1 Therefore, prognostic markers of progression to clinical decomp

1 Therefore, prognostic markers of progression to clinical decompensation are needed in patients with compensated cirrhosis. In this population serum albumin, MELD (Model of End-Stage Liver Disease) score and the degree of portal hypertension, as determined by the hepatic venous pressure gradient (HVPG) are independent predictors of first clinical decompensation.2 Obesity is a growing epidemic worldwide, involving 20%-35% of the population in Western countries.3, 4 In addition to known deleterious health

consequences outside the liver,5 obesity is a frequent cause of chronic liver disease that can progress to cirrhosis.6-8 Recent data from a cohort study of middle-aged women in the UK suggested that an estimated 17% of liver cirrhosis is attributable to excess body weight.9 Moreover, patients with cirrhosis due to obesity-related liver disease have a lower survival than patients with viral cirrhosis,10 and there Compound Library is increasing evidence of a deleterious effect of obesity on preexisting chronic liver disease due to hepatitis C virus (HCV), hepatitis B, or alcoholic disease. In these settings obesity has been associated with more advanced fibrosis in cross-sectional studies11, 12 and with faster histological and/or clinical progression in longitudinal studies

of patients with chronic hepatitis C.13, 14 Taken together, these data strongly support find more that obesity per se is a risk factor for progression in the natural history of cirrhosis. Therefore, it can be hypothesized that increased body weight could be an additional risk factor for the transition from compensated to decompensated cirrhosis. However, this hypothesis has not been evaluated and was the objective of this study. BMI, body mass index; CD, clinical decompensation; CLD, chronic liver disease; HVPG, hepatic venous pressure gradient; MELD, Mayo End-Stage Liver Disease score; RCT, randomized controlled MCE公司 trial. The current study was conducted in a subset of patients included in a multicenter randomized controlled trial (RCT) of beta-blockers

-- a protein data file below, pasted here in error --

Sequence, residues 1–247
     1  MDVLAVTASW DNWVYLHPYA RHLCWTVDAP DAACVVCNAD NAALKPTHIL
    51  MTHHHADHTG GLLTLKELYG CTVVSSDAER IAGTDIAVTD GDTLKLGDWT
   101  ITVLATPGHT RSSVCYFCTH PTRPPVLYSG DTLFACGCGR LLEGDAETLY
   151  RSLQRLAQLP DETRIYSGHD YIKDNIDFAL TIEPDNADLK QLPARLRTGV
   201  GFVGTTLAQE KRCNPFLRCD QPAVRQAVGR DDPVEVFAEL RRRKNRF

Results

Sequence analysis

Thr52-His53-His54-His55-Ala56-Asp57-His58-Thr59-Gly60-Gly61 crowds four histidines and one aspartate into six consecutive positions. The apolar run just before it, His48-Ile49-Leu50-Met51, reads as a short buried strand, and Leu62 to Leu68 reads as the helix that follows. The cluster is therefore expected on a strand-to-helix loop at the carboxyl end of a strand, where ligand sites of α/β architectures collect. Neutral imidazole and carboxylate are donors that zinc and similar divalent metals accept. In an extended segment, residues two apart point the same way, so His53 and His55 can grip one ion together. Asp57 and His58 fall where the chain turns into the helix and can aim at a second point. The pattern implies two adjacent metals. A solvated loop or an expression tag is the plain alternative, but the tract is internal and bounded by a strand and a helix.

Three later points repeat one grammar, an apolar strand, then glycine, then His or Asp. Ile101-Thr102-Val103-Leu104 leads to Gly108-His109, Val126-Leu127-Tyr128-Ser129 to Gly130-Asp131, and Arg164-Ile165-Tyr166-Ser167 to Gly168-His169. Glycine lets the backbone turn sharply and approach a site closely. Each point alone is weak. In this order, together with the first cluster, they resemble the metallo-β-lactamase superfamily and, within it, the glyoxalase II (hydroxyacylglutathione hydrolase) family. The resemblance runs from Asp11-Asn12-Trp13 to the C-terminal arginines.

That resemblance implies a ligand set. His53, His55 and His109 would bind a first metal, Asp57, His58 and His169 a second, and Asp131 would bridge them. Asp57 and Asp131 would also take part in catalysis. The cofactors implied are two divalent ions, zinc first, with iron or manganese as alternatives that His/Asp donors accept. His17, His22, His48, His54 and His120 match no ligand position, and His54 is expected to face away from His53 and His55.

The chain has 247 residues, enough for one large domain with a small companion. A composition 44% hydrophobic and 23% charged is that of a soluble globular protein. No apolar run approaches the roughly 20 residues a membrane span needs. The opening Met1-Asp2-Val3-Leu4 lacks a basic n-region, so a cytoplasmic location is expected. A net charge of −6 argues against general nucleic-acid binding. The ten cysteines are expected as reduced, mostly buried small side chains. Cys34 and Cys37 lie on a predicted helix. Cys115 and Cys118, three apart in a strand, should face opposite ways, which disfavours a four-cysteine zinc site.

in the prevention of varices (timolol study).15 Briefly, between August 1993 and March 1999, patients age 18-75 years old with compensated cirrhosis were enrolled in a prospective placebo-controlled, double-blind RCT designed to evaluate the efficacy of nonselective blockers in preventing the development of gastroesophageal varices in patients with compensated cirrhosis and portal hypertension. Four centers participated in the study: two in the U.S. (New Haven/West Haven and Boston) and two in Europe (Barcelona, London). Patients were considered for inclusion if they had compensated cirrhosis and portal hypertension (defined by an HVPG ≥6 mmHg), without gastroesophageal varices. The diagnosis of cirrhosis was either biopsy proven or clinically suspected and confirmed by the presence of an HVPG ≥10 mmHg.

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